How to make a Warhammer Purity Seal Cake

I’ve been a mum for 12 years now, and for about ten of those years, I’ve asked my son what kind of cake he would like for his birthday. I’m no Mary Berry, but I can knock up a good sponge cake, and I’m happy to give pretty much anything a go. Over the years we’ve had a volcano cake, a train cake, a Minecraft block and a Pokémon cake, amongst others. This year he asked me to make him a Warhammer purity seal cake, so I gave it my best shot.

Whilst not wanting to diminish my son’s latest obsession, Warhammer is basically painting tiny figures and then having a ruckus with your mate who also has some painted tiny figures. It’s a world I don’t fully understand, but I don’t need to understand it, I just need to continue to fund it.

How to make a Warhammer Purity Seal Cake

In essence the cake is three layers of Oreo sponge, with Oreo frosting between the layers and all over it, which make it look like a muddy battlefield. After tapping into the expertise of a Warhammer loving adult, we brainstormed some ideas. My friend did the hard work, the painting and his painted creations would also double up as birthday gifts for the birthday boy. My role was to make the cake, and the paper scroll for the purity seal.

To make the purity seal

This was a two part job, with my friend ordering a 3D printed purity seal coaster off Etsy and painting it up accordingly, and me creating the scroll. I did this using an app called Canva, which is free and I use it quite a lot for various design things. I added his name and some appropriate Warhammer words and logos, then printed it on cream paper. The font I used was IM Fell English SC, which was as close as I could get to authentic. Aging the scroll meant dabbing the paper with a damp teabag, which worked well.

purity seal

Once dry, I lit a candle and carefully (VERY CAREFULLY) held the paper above the flame to give extra colour and raggedy edges to the scroll. Be careful not to actually burn the paper. I made sure I was doing this on a flame proof chopping board, so if it did go up in flames, I could put them out quickly. Together with the appropriately painted seal, it looked pretty darn good.

If you want to read more about the painting of the purity seal, you can do here.

How to make a Warhammer Purity Seal Cake

To make the Oreo cake

For his birthday, I made two of these cakes as he was having a family party and a party with friends. Click here to go to the recipe for the Oreos cake. You can make the sponge layers in advance. As long as they are well wrapped up, they will be fine for a day or two. The vanilla frosting is meant to look like a muddy, gritty battlefield, the kind a troop of Space Marines might find themselves on. The trick is to not overmix it, or it just becomes a dirge colour and not speckled. Don’t forget to save an Oreo or two to crumble up as extra dirt on top of the cake.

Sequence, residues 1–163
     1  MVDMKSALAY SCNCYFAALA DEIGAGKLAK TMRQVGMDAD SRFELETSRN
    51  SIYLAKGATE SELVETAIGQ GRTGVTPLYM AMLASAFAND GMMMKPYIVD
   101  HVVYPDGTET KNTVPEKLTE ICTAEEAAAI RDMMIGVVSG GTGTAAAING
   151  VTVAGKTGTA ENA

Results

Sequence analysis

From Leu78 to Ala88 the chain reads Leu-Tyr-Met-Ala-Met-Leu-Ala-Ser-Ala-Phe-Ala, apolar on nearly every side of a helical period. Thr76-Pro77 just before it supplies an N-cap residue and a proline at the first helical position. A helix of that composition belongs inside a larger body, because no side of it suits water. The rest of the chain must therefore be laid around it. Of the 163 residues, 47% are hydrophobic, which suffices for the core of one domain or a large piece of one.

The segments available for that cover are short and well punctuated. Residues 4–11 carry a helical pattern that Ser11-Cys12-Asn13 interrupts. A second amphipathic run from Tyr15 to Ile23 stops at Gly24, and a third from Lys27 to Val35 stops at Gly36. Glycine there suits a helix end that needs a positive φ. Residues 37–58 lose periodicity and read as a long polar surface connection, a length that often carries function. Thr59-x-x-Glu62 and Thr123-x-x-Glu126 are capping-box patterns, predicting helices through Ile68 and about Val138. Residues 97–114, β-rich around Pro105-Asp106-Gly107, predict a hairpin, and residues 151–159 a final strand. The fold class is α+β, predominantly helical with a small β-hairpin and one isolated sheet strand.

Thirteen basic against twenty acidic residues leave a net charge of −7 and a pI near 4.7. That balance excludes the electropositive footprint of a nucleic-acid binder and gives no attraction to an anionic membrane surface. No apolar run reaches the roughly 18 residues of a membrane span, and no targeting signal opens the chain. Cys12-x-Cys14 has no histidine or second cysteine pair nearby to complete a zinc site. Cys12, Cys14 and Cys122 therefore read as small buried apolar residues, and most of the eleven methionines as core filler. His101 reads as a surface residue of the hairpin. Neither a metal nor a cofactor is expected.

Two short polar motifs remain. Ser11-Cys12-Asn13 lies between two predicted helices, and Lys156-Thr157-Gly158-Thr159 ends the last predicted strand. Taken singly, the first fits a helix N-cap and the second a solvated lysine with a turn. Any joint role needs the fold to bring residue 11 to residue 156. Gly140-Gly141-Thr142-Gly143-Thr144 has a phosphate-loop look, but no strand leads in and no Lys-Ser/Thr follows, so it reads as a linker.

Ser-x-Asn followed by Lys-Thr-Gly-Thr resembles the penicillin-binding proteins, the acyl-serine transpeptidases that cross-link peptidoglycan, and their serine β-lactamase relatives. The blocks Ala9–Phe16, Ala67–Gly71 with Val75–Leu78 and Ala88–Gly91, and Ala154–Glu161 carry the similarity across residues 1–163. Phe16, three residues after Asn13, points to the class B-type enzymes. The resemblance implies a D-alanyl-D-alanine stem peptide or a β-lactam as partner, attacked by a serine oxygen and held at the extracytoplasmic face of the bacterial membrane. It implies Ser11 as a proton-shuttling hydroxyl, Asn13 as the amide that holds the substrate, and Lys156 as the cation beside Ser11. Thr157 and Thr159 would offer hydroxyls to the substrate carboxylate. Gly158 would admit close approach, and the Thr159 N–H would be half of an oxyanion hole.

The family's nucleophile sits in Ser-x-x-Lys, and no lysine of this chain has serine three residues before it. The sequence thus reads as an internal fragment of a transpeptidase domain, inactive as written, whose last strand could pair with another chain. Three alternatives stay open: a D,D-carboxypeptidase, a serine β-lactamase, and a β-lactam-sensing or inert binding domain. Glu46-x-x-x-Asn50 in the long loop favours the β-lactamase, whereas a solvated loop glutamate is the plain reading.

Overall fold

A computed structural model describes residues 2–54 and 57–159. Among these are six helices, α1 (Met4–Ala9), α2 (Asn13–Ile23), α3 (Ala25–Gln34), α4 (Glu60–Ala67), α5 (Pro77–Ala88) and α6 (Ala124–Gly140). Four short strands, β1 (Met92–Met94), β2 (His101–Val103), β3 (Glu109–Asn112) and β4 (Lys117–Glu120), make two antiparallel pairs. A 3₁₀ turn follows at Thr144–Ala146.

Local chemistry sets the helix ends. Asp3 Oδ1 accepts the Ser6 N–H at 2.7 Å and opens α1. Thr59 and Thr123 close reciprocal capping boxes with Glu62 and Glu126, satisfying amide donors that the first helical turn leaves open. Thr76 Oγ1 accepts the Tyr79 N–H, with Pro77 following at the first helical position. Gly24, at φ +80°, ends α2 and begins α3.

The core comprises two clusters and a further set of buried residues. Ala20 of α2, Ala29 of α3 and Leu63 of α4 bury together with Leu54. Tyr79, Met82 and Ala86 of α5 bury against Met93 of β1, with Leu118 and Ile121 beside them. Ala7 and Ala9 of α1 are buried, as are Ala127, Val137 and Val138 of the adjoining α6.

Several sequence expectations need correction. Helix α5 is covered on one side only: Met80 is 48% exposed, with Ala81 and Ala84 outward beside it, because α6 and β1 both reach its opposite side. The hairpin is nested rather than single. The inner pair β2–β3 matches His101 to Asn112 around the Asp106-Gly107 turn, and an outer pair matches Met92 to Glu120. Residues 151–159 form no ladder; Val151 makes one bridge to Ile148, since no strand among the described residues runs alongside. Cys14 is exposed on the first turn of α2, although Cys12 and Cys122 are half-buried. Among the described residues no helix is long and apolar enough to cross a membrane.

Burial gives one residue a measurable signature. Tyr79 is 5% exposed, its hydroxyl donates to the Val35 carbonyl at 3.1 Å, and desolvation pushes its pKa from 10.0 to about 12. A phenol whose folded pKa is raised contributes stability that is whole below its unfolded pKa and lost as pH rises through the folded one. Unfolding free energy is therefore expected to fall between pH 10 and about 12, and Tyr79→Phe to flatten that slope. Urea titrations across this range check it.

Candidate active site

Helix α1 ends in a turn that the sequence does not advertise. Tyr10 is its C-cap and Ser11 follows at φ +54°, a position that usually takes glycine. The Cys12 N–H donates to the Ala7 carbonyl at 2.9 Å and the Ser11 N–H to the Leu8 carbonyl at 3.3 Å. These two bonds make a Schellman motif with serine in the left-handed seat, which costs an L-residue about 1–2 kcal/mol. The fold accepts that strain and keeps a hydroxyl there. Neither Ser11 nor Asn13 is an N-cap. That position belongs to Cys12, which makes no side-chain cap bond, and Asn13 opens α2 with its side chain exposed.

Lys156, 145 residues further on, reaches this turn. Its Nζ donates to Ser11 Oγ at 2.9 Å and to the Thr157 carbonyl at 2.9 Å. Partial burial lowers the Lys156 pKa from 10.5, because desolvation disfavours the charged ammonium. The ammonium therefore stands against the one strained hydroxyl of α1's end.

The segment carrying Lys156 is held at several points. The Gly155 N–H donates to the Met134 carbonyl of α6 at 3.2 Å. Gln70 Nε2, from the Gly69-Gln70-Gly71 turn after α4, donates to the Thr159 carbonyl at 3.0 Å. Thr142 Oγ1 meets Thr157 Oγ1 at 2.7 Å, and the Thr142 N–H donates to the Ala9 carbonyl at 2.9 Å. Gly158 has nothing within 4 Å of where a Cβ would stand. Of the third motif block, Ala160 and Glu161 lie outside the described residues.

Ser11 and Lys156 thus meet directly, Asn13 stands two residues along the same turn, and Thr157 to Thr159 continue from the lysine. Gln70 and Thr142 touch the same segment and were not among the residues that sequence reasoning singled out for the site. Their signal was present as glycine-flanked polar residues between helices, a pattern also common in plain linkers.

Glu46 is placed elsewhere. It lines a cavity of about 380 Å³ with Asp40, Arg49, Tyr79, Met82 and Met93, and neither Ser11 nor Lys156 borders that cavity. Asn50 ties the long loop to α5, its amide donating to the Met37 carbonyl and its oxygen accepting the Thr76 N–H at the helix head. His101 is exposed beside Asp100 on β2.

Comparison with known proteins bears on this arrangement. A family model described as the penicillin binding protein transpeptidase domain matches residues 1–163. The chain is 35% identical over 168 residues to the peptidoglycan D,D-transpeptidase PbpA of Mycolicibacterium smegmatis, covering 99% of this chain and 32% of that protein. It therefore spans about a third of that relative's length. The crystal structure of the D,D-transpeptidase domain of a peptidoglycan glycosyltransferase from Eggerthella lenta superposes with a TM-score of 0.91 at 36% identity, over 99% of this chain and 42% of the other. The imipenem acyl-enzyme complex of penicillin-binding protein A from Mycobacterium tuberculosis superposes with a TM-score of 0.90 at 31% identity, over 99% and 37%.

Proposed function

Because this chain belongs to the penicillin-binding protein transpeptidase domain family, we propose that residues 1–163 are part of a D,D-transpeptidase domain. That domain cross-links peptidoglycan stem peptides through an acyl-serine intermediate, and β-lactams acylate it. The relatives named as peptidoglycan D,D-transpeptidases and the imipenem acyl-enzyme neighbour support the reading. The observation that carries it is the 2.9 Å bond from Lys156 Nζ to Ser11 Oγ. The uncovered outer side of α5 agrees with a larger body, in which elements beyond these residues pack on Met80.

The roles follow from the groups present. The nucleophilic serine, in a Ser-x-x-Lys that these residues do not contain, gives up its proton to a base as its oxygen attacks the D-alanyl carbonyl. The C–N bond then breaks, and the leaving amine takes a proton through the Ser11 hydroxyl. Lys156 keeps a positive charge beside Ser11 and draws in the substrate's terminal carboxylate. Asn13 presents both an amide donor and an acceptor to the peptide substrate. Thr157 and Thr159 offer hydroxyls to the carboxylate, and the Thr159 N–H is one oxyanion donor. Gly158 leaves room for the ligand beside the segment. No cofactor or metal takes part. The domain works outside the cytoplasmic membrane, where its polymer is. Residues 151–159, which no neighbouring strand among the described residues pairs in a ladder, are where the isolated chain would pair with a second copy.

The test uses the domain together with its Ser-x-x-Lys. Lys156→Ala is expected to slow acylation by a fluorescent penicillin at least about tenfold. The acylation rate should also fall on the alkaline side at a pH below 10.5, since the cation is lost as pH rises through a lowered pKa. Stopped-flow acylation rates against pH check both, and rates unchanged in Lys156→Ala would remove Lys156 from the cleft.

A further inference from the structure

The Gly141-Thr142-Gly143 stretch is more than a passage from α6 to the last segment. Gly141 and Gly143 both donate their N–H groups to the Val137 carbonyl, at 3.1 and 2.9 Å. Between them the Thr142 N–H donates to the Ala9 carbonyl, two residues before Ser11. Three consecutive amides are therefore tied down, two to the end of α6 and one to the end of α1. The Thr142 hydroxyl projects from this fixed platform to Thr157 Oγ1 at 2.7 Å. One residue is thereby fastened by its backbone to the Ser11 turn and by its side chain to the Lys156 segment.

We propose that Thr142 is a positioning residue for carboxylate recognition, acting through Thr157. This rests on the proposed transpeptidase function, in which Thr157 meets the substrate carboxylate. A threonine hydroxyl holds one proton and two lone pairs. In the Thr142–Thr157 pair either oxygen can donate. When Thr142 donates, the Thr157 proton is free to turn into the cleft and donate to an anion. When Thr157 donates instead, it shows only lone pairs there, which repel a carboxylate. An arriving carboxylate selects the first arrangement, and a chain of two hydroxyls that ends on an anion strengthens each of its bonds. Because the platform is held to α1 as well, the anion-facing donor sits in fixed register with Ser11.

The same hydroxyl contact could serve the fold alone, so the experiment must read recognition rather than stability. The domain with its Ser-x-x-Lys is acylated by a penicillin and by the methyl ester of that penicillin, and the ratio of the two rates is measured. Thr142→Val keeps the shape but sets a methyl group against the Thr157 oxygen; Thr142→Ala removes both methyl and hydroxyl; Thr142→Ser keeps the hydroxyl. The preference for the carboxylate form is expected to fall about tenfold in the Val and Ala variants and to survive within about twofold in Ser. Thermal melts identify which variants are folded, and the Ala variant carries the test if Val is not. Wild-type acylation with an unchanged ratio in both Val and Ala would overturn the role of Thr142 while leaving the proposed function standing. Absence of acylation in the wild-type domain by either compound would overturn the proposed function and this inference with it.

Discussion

Follow the instructions on how to put the cake together, once you’ve got your Oreos cake built, it’s time to decorate it!

How to make a Warhammer Purity Seal Cake

To decorate your Warhammer Purity Seal Cake

You will need a couple of toothpicks to hold some of the decorations in place, so don’t forget they’re there when it comes to serving your cake! Decide where you’re going to place your purity seal and using half a toothpick, pin the paper scroll in place. Using some of the Oreo frosting as glue, stick the purity seal down, on top of the cake, at the top of the scroll.

We also had a painted Space Marine to top off the cake. His base had been sculpted at the bottom so you could stick a toothpick in and anchor him into place, which was a stroke of genius. Around his feet I sprinkled some crushed up Oreos, which made him look like he was wading through mud.

How to make a Warhammer Purity Seal Cake

As it was a birthday cake, I ordered some black candles, which finished it off nicely. My son absolutely loved his birthday cake and was impressed by how good it looked. If you’re into Warhammer and Oreos, then this is a relatively simple cake to put together, if you’ve got someone doing the painting for you that is!

It’s a brutal looking cake, but it really was delicious!

How to make a Warhammer Purity Seal Cake

Visiting Warhammer World, Nottingham

This summer has been a busy one for my boy. He’s 11, about to start high school and busy learning to be more independent. He has many hobbies and interests, but one he shares with his cousin and best friend is Warhammer. For the uninitiated, Warhammer is mostly painting tiny figures and then playing war games with them. So this summer, I decided to take them both to Warhammer World in Nottingham, and what a day out that was!

Visiting Warhammer World, Nottingham

My own enthusiasm for Warhammer mostly extends to being supportive of my son’s interest in it. I was reassured that even someone with no prior experience of Warhammer would probably still enjoy their time there. I’m happy to say that I did, and I would go again. The boys however, aged 11 and 12 are pretty obsessed, and their excitement alone was pretty infectious.

We decided to make a couple of days out of our trip to Nottingham. It’s not that far from Manchester, so why rush? We stayed in town the night before, and after breakfast we grabbed a taxi to take us to Warhammer World. In terms of getting there, it’s really accessible by tram, bus or car, and there’s plenty of free parking.